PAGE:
Funny How Connections Happen

When I visited my family in SC, I spent time wandering around and taking photos of plants, interesting textures, possible art making materials and processes, and things that struck me as odd.


As soon as I saw the moss growing on the grate inside a free standing wood burning fireplace, Don McLean’s American Pie started looping through my mind. Especially the line: moss growing fat on a rolling stone.

And while writing this post, again the song is swirling though my mind.

Not being a sit around a fire person, I had to google the proper term for the fireplace. It is a chimenea. According to Wikipedia this is the definition for chimenea.

A chimenea /tʃɪmɪˈneɪ.ə/, also spelled chiminea (from Spanish: chimenea means chimney), is a freestanding front-loading fireplace or oven with a bulbous body and usually a vertical smoke vent or chimney.

So, a wood burning chimney. Odd that moss found its way to growing inside the chimenea. It is sitting on a concrete patio in daily full sun. The chimenea must offer enough shade and protection to prevent the death of the moss.


Sad that the moss will be destroyed the next time the chimenea is lit.

Don McLean’s American Pie was popular when I was in high school. So much so, my high school English teacher thought it would be cool to decipher its lyrics. The result, even today I remember the bulk of the lyrics for the 8 minute 36 second song.

More connections–I remember my best friend from high school who died suddenly five years ago. Not in a plane crash, but he was the director of my hometown airport. Connections of all sorts can be found when you least expect it. Certainly wasn’t thinking about him when I started this post, but it would have been something I would have shared with him. He would have understood my moss/song connection. We would have talked about the song. When we first heard it. And other reminiscing.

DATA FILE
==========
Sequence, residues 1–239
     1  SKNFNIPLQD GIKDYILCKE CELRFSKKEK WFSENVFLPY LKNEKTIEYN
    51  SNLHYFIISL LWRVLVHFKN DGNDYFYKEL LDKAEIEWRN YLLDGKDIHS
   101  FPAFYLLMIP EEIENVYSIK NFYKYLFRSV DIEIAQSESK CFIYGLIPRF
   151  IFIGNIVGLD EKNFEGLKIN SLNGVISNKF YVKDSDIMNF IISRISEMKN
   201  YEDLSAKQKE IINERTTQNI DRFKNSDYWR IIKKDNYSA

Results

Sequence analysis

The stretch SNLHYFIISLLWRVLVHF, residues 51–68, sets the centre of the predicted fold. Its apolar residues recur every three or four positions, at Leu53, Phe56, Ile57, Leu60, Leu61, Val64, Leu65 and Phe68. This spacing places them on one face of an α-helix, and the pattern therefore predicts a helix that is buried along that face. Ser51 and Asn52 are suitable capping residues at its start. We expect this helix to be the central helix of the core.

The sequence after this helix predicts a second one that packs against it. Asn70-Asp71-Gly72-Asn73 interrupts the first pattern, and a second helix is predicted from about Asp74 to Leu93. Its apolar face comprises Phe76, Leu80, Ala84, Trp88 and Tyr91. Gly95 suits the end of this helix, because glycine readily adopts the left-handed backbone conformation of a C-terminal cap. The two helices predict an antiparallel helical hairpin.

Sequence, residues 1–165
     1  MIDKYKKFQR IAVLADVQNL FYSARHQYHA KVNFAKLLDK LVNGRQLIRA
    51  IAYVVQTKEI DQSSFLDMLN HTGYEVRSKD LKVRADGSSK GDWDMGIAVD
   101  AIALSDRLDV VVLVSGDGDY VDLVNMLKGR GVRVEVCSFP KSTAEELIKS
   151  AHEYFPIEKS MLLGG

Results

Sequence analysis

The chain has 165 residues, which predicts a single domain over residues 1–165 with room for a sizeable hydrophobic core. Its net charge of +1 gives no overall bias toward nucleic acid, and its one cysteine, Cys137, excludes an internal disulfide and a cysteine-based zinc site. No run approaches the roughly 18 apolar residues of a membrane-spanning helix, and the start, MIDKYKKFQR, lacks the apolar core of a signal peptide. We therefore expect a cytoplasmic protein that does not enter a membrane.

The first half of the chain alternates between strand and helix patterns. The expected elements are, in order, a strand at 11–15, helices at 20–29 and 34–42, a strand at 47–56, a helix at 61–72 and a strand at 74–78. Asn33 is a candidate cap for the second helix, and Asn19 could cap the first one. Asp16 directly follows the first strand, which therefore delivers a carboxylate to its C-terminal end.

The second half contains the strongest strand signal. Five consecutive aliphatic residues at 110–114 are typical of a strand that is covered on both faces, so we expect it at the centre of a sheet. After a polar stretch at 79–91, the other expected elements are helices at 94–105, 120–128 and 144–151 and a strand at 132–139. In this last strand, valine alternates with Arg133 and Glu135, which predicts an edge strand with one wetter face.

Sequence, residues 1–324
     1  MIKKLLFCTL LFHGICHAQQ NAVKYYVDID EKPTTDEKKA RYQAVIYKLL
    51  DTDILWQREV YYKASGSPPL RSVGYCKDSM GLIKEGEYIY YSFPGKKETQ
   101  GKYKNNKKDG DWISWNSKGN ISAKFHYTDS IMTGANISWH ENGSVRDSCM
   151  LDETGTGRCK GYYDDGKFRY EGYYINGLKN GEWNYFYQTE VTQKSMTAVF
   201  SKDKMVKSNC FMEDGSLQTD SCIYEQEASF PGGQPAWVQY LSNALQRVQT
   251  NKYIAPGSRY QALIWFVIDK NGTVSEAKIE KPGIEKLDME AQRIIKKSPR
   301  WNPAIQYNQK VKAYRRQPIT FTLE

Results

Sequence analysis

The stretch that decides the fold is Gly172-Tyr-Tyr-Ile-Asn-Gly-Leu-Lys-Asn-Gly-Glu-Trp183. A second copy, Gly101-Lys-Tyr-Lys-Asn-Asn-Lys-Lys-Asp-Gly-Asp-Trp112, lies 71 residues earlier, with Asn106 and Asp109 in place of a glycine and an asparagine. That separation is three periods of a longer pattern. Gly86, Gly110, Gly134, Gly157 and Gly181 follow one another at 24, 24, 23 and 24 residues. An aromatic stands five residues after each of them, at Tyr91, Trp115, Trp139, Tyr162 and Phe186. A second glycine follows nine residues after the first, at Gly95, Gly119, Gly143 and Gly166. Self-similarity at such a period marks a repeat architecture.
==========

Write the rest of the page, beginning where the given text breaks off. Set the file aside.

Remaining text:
Thinking about my friend, reminded me of a Henning Mankell quote from one of his Kurt Wallander books, Firewall.

Who was left who connected him to his earlier life?

Washington Post article about American Pie written by Justin Wm. Moyer.

Restacked Mantel Wood

Our neighbor gave me a pair of columns that she had been using as part of a table. Each column is 29″ x 8.5″ x 9″ and solid concrete.


Columns on Hand Truck

Before placing them in the garden I made a couple of decisions. The first…the bottom should be the top.


Left Side Was How The Columns Had Been Used
The Right Side is the Proper Orientation

The thin section at the bottom will not be visible. So, the only thing that bothers me is the tulip-like doodad. Just too fussy.

Column Doodad

When I began converting the courtyard form exotic plants to drought tolerant plants, one of the first decisions was to remove the wallpieces and to paint the walls grey. It is difficult to tell from the photos taken in my studio, but the columns were too stark, too bright even in the shade.


The Whiteness of the Columns is Emphasized When Placed Next to the Grey Wall